State gets help for ailing crops: USDA offers farmers emergency assistance

Jeff Chorman with Chorman Spraying, LLC pilots a Turboprop Grumman AG-Cat over a corn field on Skeeter Neck Road near Little Heaven on Friday. Delaware State News/Marc Clery

DOVER — Due to a difficult planting/growing season, the state has been granted an emergency disaster designation by the United States Department of Agriculture (USDA), according to the Delaware Department of Agriculture (DDA).

“With United States Secretary of Agriculture Sonny Perdue’s granting an emergency disaster designation for Delaware, farmers are able to apply for assistance, including loans, from the USDA Farm Service Agency, provided that they meet the eligibility requirements,” said DDA deputy secretary Kenny Bounds.

“Farmers must have purchased crop insurance on eligible crops to qualify for disaster assistance programs. Farmers have eight months from the date of the secretarial disaster declaration to apply for emergency loans. This is important because it allows farmers to take into account the full extent of production losses due to the torrential rains that occurred from April 2 through June 21, and then apply for assistance based on real data.”

According to the DDA, while time remains in the growing season, about 68 percent of the corn crop in the state is estimated to be in the “milk phase” of its development — compared to about 87 percent of corn last year at this time. A DDA crop conditions report as of last Sunday broke up the state’s corn crop as follows:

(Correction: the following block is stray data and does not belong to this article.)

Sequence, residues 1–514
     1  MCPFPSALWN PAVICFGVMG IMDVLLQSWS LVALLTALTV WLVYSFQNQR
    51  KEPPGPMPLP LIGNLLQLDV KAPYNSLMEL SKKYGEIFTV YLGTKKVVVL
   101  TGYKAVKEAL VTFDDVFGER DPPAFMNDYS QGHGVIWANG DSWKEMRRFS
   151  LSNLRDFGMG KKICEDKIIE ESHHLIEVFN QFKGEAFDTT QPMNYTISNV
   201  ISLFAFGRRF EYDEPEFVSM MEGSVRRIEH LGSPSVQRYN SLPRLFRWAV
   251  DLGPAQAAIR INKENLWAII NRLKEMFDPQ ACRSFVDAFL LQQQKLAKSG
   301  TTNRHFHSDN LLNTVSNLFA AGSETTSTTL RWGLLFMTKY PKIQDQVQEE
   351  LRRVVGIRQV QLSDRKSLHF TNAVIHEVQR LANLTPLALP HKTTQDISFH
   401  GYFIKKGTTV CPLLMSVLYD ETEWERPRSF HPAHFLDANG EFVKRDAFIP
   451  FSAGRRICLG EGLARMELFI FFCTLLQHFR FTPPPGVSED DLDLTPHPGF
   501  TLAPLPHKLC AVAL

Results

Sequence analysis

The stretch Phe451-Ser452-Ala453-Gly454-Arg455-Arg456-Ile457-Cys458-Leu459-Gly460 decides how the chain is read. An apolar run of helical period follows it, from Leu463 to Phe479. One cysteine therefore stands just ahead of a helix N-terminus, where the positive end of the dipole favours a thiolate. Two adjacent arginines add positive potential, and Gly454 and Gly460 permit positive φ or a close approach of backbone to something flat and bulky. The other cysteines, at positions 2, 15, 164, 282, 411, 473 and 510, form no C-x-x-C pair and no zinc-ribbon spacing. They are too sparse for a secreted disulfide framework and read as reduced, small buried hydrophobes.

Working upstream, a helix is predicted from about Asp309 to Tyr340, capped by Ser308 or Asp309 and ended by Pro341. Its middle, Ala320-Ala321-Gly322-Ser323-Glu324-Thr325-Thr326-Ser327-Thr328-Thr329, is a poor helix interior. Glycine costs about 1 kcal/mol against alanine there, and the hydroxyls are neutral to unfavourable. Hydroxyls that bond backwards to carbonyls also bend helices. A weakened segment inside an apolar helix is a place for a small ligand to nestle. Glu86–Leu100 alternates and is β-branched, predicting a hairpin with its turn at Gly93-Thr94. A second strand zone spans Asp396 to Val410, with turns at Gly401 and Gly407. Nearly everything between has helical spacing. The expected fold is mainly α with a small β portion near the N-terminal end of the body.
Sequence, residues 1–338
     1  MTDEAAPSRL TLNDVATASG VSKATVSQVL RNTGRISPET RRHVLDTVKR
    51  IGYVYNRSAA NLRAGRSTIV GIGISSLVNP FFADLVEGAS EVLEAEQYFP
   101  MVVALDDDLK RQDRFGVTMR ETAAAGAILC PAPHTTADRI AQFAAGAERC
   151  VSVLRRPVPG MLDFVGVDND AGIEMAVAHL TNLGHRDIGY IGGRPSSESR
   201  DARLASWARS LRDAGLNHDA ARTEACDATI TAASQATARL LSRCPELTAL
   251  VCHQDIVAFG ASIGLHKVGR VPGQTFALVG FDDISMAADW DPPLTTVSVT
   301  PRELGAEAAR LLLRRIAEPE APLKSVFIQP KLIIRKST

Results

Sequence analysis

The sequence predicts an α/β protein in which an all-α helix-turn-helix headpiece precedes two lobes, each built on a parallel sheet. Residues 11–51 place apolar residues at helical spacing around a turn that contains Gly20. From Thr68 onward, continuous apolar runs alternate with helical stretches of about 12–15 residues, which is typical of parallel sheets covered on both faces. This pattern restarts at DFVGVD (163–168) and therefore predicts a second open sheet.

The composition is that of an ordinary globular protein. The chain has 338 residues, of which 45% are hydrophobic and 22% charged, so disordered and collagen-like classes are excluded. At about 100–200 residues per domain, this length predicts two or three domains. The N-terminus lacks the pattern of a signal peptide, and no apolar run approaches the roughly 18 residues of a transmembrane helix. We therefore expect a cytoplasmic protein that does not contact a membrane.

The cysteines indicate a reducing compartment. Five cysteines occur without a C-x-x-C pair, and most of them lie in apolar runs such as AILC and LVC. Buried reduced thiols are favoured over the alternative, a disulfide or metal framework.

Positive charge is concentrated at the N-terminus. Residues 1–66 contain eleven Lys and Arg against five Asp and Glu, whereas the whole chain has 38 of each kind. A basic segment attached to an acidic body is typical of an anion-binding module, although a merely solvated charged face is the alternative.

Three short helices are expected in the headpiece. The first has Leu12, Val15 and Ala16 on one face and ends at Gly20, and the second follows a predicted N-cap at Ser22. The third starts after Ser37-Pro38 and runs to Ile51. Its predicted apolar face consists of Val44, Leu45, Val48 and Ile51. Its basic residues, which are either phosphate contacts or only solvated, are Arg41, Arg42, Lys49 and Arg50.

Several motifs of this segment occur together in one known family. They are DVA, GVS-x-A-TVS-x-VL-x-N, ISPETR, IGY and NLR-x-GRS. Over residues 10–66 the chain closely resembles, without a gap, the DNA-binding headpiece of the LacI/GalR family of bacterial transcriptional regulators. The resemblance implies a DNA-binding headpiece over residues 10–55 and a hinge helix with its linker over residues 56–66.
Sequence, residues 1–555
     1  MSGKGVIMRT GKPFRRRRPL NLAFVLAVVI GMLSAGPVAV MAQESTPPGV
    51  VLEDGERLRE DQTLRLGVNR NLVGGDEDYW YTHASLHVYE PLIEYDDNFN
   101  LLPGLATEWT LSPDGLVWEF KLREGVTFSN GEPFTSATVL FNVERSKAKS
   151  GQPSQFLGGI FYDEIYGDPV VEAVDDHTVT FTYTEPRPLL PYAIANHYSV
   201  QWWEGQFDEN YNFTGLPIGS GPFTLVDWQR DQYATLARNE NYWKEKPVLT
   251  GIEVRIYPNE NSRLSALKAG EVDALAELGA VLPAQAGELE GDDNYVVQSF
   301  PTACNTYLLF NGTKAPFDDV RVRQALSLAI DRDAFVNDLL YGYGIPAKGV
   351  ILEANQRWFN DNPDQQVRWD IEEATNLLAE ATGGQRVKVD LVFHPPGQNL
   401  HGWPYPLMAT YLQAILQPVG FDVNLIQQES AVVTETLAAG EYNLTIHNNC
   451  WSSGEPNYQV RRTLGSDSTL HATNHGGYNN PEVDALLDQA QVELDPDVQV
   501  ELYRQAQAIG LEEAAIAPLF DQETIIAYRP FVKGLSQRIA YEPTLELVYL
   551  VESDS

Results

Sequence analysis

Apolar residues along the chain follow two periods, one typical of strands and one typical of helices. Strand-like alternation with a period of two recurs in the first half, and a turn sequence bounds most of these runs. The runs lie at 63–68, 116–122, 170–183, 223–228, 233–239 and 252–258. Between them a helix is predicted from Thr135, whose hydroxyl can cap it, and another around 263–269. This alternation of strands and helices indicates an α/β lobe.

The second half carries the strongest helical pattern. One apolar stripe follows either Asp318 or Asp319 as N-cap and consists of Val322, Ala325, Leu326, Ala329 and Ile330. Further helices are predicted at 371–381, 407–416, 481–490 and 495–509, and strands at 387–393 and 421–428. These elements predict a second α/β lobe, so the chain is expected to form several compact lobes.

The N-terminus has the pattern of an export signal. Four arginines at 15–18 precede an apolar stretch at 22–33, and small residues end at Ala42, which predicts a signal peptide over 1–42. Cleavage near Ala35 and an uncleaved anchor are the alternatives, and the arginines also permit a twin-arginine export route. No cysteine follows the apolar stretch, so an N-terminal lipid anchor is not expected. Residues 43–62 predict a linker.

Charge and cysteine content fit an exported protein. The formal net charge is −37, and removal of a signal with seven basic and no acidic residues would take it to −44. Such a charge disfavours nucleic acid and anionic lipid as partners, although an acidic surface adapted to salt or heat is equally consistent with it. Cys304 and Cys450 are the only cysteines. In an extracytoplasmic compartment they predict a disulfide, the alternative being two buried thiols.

• Very Poor: 5 percent

• Poor: 27 percent

• Fair: 38 percent

• Good: 25 percent

• Excellent: 5 percent.

Heavy rains in April and May have hurt farmers this year, destroying several high dollar crops and continuing to threaten the yield of many others, said the DDA.

“A lot of corn was planted late because of wet conditions and when it was planted it sat without a lot of growth due to saturated soil,” said Mr. Bounds. “The wet conditions were followed by a drought and then subsequent wet conditions again. The cloudy conditions slow down transpiration and movement of nutrients up into the plant.”

The climate conditions have led to less healthy looking corn, but Mr. Bounds said the scope of the damage won’t be known until after the fall harvest is complete.

“As we drive around Delaware, I would describe the corn crop as spotty,” he said. “Some fields look great, others not good at all. We will be working with USDA-NASS to analyze the crop at the end of the year to determine how Delaware fared.

“We have to compare the initial plantings planned to what actually was planted and then harvested. There is no doubt we will have a decrease in the amount of acreage harvested versus planted, but the tell-tale will be the yield per acre.”

Poorly growing, immature corn outside Dover. According to the Delaware Department of Agriculture, about 68 percent of the corn crop in the state is estimated to be in the “milk phase” of its development — compared to about 87 percent of corn last year at this time.